Anonymous More than 1 year ago
I just got this book on my nook and i dont want to put it down. It's probably gross for girly girls but i think its a great book so far. I didnt finish it but so far its really good. Im not even halfway through at the moment. By the way, im a girl and im not really girly but can be...but i love this book so i recommend it. For those people who say its horrible, you should check yourselves because this book keeps you wondering if mitty has smallpox or not! Such a great book!
DF6B_HannahK on LibraryThing More than 1 year ago
Mitty attends private high school in New York City and he is a serious procrastinator. His science teacher, Mr. Lynch, assigns the class a report regarding an infectious disease. Mitty waits the week before the paper is due, and then he finally begins his research on Variola Major a week before the paper is due. He breathes in smallpox scab dust after opening an envelope in an old medical textbook dated back to the early 1900s. He walks around New York City, and he does not know whether or not he has smallpox and whether or not he could infect the entire city with the deadly disease. I enjoyed the book because it captured my attention through Mitty's constant internal struggle about whether or not he actually has smallpox or not. One has to read it until the end, in order to find out the truth about whether or not he has smallpox.
JRlibrary on LibraryThing More than 1 year ago
Mitty Blake is a junior at St. Raphael¿s, a Manhattan prep school for the very smart or the very rich, in New York City. Mitty doesn't really care about doing his schoolwork. He would rather listen to his iPod and roam the streets. But he must do a paper on small pox for biology class or he'll be kicked out of AP Biology, which means he won't get to see Olivia. While staying the weekend at his parent¿s country home in Connecticut, Mitty discovers some very old medical texts and decides to use these for his research. While thumbing through the old text, he comes across an envelope containing scabs from the 1902 smallpox epidemic in Boston. After handling the scabs, it occurs to him that he could get smallpox from handling them, so he sends anonymous emails to various agencies to try to get some answers. The recipients get suspicious and forward the emails to the FBI. Before the FBI can find Mitty, a terrorist group that plans to use him as a biological weapon kidnaps him. Mitty is trapped and nobody knows where he is. Left alone, with nobody to rely on but himself, Mitty transforms from a laid-back slacker to an ingenious man of action. Some of the scenes are a bit difficult to believe, but the plot is faced paced, and it would be great for a reluctant reader.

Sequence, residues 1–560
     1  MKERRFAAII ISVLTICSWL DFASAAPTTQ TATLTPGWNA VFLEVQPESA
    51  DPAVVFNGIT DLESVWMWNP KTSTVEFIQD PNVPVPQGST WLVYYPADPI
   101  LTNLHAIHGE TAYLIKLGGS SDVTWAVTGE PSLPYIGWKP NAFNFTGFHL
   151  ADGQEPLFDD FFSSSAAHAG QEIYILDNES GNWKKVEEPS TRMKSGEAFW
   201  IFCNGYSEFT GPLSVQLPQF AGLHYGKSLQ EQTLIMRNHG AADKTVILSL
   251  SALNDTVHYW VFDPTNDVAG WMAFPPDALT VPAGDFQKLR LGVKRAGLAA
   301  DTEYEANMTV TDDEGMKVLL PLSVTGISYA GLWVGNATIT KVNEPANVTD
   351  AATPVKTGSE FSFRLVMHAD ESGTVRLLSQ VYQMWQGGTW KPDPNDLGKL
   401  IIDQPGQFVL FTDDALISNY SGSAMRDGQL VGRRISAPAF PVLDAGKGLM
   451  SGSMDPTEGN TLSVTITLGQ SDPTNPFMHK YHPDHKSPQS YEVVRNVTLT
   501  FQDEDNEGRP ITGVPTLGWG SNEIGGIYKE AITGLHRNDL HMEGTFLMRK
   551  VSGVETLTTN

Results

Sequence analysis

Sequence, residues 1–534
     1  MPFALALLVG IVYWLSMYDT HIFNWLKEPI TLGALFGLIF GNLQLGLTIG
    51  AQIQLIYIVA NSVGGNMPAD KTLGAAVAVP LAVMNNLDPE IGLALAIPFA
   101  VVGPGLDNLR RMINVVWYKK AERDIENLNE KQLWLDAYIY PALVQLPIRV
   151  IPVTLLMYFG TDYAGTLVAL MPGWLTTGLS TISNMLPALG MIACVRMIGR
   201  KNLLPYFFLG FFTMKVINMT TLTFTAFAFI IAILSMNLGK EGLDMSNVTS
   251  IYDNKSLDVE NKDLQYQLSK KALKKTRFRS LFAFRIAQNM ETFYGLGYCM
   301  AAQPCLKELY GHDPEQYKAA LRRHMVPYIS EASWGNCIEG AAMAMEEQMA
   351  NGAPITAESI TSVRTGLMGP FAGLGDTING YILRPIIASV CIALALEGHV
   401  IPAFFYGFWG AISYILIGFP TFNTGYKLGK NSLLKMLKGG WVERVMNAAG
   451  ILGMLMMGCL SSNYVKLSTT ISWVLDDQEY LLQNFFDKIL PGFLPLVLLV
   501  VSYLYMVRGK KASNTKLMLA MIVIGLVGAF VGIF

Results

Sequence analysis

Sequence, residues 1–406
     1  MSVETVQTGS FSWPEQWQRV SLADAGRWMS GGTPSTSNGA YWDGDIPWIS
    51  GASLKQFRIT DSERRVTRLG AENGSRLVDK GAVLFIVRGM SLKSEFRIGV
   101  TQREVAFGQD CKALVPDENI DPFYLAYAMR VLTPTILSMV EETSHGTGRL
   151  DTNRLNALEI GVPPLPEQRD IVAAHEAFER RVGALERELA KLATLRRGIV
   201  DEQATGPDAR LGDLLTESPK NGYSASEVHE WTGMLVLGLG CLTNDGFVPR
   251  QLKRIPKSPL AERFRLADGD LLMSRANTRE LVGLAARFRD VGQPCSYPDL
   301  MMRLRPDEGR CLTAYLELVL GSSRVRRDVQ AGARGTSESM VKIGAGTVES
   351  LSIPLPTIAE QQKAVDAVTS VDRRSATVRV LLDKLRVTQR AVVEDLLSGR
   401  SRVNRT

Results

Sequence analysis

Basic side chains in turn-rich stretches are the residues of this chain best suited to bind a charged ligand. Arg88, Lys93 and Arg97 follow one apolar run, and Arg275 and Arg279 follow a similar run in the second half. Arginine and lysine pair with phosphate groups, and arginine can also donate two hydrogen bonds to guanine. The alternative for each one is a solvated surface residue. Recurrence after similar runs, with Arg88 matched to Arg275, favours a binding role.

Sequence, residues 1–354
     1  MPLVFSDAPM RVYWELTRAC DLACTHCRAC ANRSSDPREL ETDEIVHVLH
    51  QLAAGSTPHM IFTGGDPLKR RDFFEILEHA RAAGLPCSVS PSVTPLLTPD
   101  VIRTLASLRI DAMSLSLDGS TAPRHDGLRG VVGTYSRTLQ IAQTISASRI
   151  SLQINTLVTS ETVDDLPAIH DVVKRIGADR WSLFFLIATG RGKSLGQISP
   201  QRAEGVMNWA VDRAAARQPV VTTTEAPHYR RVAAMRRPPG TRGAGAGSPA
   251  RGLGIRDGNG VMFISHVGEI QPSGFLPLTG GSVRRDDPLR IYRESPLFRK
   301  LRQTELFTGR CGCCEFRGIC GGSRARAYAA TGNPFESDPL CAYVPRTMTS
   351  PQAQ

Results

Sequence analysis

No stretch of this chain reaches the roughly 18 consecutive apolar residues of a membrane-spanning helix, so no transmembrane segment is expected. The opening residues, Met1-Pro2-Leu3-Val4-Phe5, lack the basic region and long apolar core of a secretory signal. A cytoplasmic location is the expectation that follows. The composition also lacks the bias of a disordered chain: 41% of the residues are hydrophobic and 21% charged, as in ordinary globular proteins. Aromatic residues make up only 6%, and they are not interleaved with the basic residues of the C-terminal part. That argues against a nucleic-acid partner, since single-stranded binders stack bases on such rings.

DF1A_ChristieR on LibraryThing More than 1 year ago
Walking around New York City was what Mitty Blake did best. He loved the city, and even after 9/11, he always felt safe. Mitty was a carefree guy¿he didn¿t worry about terrorists or blackouts or grades or anything, which is why he was late getting started on his Advanced Bio report.Mitty does feel a little pressure to hand something in¿if he doesn¿t, he¿ll be switched out of Advanced Bio, which would be unfortunate since Olivia¿s in Advanced Bio. So he considers it good luck when he finds some old medical books in his family¿s weekend house that focus on something he could write about. But when he discovers an old envelope with two scabs in one of the books, the report is no longer about the grade¿it¿s about life and death. His own.It was a surprising book. I liked the ending.
loafhunter13 on LibraryThing More than 1 year ago